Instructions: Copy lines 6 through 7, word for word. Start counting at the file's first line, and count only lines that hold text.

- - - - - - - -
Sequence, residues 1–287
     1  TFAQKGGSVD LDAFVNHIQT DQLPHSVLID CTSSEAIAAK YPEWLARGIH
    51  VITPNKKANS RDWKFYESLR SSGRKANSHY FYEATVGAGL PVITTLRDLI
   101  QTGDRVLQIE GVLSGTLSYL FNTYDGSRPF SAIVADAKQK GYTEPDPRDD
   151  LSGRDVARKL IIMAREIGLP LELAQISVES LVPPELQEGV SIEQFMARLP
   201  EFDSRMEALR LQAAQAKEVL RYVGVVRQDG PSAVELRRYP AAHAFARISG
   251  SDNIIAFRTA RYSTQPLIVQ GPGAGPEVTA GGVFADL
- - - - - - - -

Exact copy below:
   201  EFDSRMEALR LQAAQAKEVL RYVGVVRQDG PSAVELRRYP AAHAFARISG
   251  SDNIIAFRTA RYSTQPLIVQ GPGAGPEVTA GGVFADL